Current issue: 53(1)

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Silva Fennica 1926-1997
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Acta Forestalia Fennica
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Articles containing the keyword 'ruutukylvö'.

Category: Article

article id 4889, category Article
Tapio Lehtiniemi. (1973). Turvepuristeet ja männyn kylvö. Silva Fennica vol. 7 no. 4 article id 4889. https://doi.org/10.14214/sf.a14727
English title: Use of peat briquettes in seeding of Scots pine.

The aim of the study was to assess, through field experiments, the possibilities of using peat briquettes in the seeding of Scots pine (Pinus sylvestris L.) in Southern Finland. The briquettes were dug into the soil in the middle of patches of mineral soil. The seeds were covered by a 2-5 mm layer of mineral soil. The seedings were inventoried in the three following autumns.

According to the results, the briquettes were clearly inferior to the control, which was ordinary drill seeding. This was mainly due to the fact that no rain was received after the seeding, and that the third summer from seeding was extremely dry. Abundant germination was observed during the second summer after seeding in both briquette seeding and the control. During more rainy summers the result might have been better.

The PDF includes a summary in English.

  • Lehtiniemi, ORCID ID:E-mail:
article id 4832, category Article
Paavo Yli-Vakkuri, Pentti K. Räsänen. (1971). Siementen peittämisen ja kylvökohdan polkaisun vaikutus männyn ruutukylvön tulokseen. Silva Fennica vol. 5 no. 1 article id 4832. https://doi.org/10.14214/sf.a14621
English title: The influence of covering and tramping the seeds into the soil on the success of spot sowing of Scots pine.

This paper reports spot sowing experiments of Scots pine (Pinus sylvestris L.). The seeds were either covered with coarse sand, tramped in the substrate or sowed without any covering, 30 seeds in each treatment in 70 replications. The site was of Vaccinium type with sandy soil. The germination percentage was 81 and 91 on the respective years. The development of seedlings was observed for 3–4 years.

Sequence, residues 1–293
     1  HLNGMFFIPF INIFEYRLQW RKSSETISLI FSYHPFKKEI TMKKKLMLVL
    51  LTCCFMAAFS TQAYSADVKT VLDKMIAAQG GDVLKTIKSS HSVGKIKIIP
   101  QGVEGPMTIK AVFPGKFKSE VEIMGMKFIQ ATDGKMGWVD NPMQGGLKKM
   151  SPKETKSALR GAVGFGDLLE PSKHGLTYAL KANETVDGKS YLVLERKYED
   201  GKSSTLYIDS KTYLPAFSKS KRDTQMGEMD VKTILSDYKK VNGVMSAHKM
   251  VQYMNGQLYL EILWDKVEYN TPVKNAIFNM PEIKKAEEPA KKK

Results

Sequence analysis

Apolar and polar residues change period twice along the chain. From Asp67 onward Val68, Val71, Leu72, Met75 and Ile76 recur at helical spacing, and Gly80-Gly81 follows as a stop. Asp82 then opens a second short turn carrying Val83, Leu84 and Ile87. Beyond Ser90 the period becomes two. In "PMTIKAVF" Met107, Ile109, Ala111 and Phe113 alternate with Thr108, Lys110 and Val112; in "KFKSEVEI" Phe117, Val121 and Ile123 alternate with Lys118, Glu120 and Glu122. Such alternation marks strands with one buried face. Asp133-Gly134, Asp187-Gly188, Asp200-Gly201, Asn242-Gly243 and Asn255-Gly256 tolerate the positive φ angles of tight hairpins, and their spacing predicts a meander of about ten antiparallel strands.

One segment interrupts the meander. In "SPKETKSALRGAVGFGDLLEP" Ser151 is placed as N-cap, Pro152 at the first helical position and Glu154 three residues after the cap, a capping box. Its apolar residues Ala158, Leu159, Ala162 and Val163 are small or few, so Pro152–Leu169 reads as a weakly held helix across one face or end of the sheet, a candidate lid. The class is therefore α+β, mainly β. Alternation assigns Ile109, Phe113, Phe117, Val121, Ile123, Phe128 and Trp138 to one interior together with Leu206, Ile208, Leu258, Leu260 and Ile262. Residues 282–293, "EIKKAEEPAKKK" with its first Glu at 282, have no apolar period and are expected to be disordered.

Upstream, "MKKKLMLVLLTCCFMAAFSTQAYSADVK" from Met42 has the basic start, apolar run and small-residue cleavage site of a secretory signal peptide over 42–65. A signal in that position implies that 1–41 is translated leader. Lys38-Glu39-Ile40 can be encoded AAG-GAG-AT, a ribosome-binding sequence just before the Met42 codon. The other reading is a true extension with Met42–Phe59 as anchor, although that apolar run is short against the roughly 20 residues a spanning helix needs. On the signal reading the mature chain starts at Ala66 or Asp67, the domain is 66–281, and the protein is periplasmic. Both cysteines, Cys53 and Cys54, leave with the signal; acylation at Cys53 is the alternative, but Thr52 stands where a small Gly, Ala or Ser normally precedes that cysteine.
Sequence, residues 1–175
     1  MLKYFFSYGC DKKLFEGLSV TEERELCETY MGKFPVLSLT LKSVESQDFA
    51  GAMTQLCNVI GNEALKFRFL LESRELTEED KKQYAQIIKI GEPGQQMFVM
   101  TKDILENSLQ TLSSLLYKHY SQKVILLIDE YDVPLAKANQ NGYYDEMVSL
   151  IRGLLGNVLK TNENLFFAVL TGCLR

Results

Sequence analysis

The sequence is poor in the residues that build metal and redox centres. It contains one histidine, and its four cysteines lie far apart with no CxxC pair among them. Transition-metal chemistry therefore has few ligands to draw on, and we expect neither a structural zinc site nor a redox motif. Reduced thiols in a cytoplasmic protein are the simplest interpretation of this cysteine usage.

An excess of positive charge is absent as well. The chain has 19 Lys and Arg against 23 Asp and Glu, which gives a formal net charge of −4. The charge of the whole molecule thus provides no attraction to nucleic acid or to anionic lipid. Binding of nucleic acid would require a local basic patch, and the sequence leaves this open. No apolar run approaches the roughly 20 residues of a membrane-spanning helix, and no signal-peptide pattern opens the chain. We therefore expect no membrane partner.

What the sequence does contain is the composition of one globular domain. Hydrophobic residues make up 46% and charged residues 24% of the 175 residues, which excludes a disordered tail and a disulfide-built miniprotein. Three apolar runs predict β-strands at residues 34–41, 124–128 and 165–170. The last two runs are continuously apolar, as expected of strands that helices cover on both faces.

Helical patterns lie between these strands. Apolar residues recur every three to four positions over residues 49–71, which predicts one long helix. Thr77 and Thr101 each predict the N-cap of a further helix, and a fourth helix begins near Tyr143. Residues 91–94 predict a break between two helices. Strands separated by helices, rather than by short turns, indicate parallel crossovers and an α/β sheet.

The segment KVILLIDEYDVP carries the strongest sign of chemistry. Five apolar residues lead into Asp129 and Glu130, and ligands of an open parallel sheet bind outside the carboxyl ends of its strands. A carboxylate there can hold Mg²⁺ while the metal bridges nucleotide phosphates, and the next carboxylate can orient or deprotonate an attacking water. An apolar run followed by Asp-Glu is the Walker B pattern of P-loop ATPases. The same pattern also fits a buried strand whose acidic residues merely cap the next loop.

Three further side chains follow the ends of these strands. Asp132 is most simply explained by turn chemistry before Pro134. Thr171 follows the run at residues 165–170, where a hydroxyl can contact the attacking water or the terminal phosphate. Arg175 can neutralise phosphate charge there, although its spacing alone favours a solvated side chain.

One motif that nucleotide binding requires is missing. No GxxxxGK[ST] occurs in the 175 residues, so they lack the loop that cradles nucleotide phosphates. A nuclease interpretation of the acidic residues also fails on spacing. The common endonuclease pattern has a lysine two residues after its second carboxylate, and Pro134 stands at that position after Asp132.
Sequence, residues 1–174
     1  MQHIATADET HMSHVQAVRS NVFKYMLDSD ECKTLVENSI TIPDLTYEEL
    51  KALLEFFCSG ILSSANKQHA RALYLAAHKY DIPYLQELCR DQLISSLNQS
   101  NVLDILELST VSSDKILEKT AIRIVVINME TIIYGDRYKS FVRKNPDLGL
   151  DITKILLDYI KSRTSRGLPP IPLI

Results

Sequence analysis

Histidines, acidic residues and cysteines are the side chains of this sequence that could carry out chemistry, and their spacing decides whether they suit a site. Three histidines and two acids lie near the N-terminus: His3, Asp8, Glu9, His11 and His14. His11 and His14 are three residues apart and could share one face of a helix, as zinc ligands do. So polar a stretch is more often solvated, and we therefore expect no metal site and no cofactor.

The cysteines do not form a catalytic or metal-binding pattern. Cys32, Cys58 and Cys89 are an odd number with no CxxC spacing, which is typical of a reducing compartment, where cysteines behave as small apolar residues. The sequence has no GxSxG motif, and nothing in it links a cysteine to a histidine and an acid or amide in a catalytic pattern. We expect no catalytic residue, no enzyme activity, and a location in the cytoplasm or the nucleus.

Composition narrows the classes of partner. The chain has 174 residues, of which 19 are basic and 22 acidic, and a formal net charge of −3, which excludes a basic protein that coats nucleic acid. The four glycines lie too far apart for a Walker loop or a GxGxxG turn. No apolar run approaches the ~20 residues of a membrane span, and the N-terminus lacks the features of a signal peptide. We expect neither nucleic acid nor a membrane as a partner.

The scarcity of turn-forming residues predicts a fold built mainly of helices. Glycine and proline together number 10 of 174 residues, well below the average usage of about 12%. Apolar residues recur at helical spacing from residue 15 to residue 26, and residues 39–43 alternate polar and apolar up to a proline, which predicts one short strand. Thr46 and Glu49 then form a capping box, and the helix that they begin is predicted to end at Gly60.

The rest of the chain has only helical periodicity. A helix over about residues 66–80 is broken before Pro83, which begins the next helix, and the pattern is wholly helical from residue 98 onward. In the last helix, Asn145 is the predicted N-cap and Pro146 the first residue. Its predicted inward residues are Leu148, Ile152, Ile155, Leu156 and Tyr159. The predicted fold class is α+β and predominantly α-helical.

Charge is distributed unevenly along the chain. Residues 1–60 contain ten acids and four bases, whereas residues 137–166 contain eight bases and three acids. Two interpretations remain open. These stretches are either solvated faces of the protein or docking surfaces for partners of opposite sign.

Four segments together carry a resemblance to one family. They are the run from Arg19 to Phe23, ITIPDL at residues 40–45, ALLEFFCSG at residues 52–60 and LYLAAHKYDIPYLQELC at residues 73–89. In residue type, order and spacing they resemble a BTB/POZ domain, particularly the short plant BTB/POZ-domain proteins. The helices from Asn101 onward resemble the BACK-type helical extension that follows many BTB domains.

The results indicate that both tramping and covering the seeds to some extent increased the number of seedlings and improved the early development. The highest numbers of seedlings were recorded in the first growing season, after which there was 23 seedlings/100 seeds in the uncovered spots, 27 seedlings in the covered spots and 31 seedlings in the tramped spots in the experiment sowed in 1965.

Mortality of the seedlings was highest between the first and second growing season, and empty spots increased with the time. There was no difference in mortality between the sowing methods, but the number of seedlings after first growing season affected the result. Under favourable conditions four seedlings per spot seemed enough to secure the survival of minimum one seedling per spot during the three first growing seasons. In poor conditions seven seedlings was needed.

The PDF includes a summary in English.

  • Yli-Vakkuri, ORCID ID:E-mail:
  • Räsänen, ORCID ID:E-mail:

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